Sprucing up boring furniture on the cheap

tablesOne of the hubbies favorite things about Christmas is that we move “his” recliner and side table next to the couch (thereby allowing him to watch tv from it) in order to make room for our tree.  Yet this year, when we put the room back in its normal arrangement, what he missed most wasn’t even the recliner next to the couch, it was the side table.

So, we started the hunt for an inexpensive circular side table, no bigger than 20″ wide.  After visiting a few different websites, we stumbled on this tablefrom Wayfair, that was on sale for $49 as part of a deal of the day.  We liked the Art Deco look of it, and the “Antique Copper” finish looked like it would work with our other living room furniture.

Well, fast forward a week, and the table arrives…only it’s not “Antique Copper”.  What we had really ordered was a cheap steel table that’s been spray painted gold.  Womp-womp.

Still, undeterred, I liked the original shape, and felt fairly confident that I could fix it up a bit.  A quick trip to the craft store and I was armed with a tube of dark sienna colored acrylic paint, a bag of glass rocks (like the type you put in the bottom of a fish tank or in a jar of flowers…) and some super glue.  Total cost of supplies? Under $15.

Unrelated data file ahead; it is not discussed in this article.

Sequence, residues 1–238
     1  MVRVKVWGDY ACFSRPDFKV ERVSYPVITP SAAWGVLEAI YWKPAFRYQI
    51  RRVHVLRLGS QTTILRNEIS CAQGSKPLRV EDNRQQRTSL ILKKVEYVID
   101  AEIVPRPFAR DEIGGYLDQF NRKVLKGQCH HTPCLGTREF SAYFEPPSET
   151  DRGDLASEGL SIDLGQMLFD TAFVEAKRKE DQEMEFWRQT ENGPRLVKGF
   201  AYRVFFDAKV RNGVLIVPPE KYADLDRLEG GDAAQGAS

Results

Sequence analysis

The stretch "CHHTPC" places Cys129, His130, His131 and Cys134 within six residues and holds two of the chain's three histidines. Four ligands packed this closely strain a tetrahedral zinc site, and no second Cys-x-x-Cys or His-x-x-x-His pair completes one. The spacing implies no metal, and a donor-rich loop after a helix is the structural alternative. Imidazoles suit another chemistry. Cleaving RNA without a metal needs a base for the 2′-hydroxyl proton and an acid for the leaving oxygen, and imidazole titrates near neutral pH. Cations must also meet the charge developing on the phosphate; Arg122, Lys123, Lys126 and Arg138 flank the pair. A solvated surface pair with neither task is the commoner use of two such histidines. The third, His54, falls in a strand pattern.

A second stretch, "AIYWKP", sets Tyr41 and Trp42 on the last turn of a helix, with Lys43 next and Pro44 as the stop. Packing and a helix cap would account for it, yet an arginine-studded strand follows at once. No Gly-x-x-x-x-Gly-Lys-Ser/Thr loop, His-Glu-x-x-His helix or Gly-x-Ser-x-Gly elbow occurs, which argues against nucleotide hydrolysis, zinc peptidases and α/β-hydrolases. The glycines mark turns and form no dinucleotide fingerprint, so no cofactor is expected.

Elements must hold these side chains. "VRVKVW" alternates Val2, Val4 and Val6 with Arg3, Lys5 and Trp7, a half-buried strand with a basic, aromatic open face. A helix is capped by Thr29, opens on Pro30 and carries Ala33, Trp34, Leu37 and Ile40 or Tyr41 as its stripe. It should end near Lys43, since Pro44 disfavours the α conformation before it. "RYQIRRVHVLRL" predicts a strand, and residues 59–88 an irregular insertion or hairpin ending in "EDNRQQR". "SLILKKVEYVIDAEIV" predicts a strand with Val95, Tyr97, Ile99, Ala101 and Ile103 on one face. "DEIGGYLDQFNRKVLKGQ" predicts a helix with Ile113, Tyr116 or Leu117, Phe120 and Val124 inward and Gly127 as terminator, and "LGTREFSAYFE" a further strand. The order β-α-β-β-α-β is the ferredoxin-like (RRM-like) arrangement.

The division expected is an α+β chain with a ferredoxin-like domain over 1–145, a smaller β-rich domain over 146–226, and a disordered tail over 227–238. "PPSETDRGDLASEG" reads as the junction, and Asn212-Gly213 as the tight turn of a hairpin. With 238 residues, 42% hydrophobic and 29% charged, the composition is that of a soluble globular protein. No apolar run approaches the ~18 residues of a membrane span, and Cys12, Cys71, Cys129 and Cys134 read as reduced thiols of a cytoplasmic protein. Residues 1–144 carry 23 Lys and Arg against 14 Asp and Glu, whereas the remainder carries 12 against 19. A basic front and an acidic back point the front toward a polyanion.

Using a dry natural-bristle paint brush, I very lightly brushed on the acrylic paint.  The goal for this sort of treatment isn’t to get full coverage, but rather to let the underlying paint color show through.  Concentrating on the top edge and the corners throughout, I soon had a piece that looked more like oil-rubbed bronze than cheap spray-painted metal.

But I wasn’t finished.  Up next, I glued the glass rocks smooth side down in a random pattern to give the top of the table a little more character. I chose fairly neutral colored pieces, including clear, again to let the natural color shine through.  Within an hour, I was gluing the last piece on, and had a completed table in time for the Super Bowl this afternoon.

So that’s it.  An hour’s work and $15 worth of elbow grease and we now have a custom end table.  Not too shabby.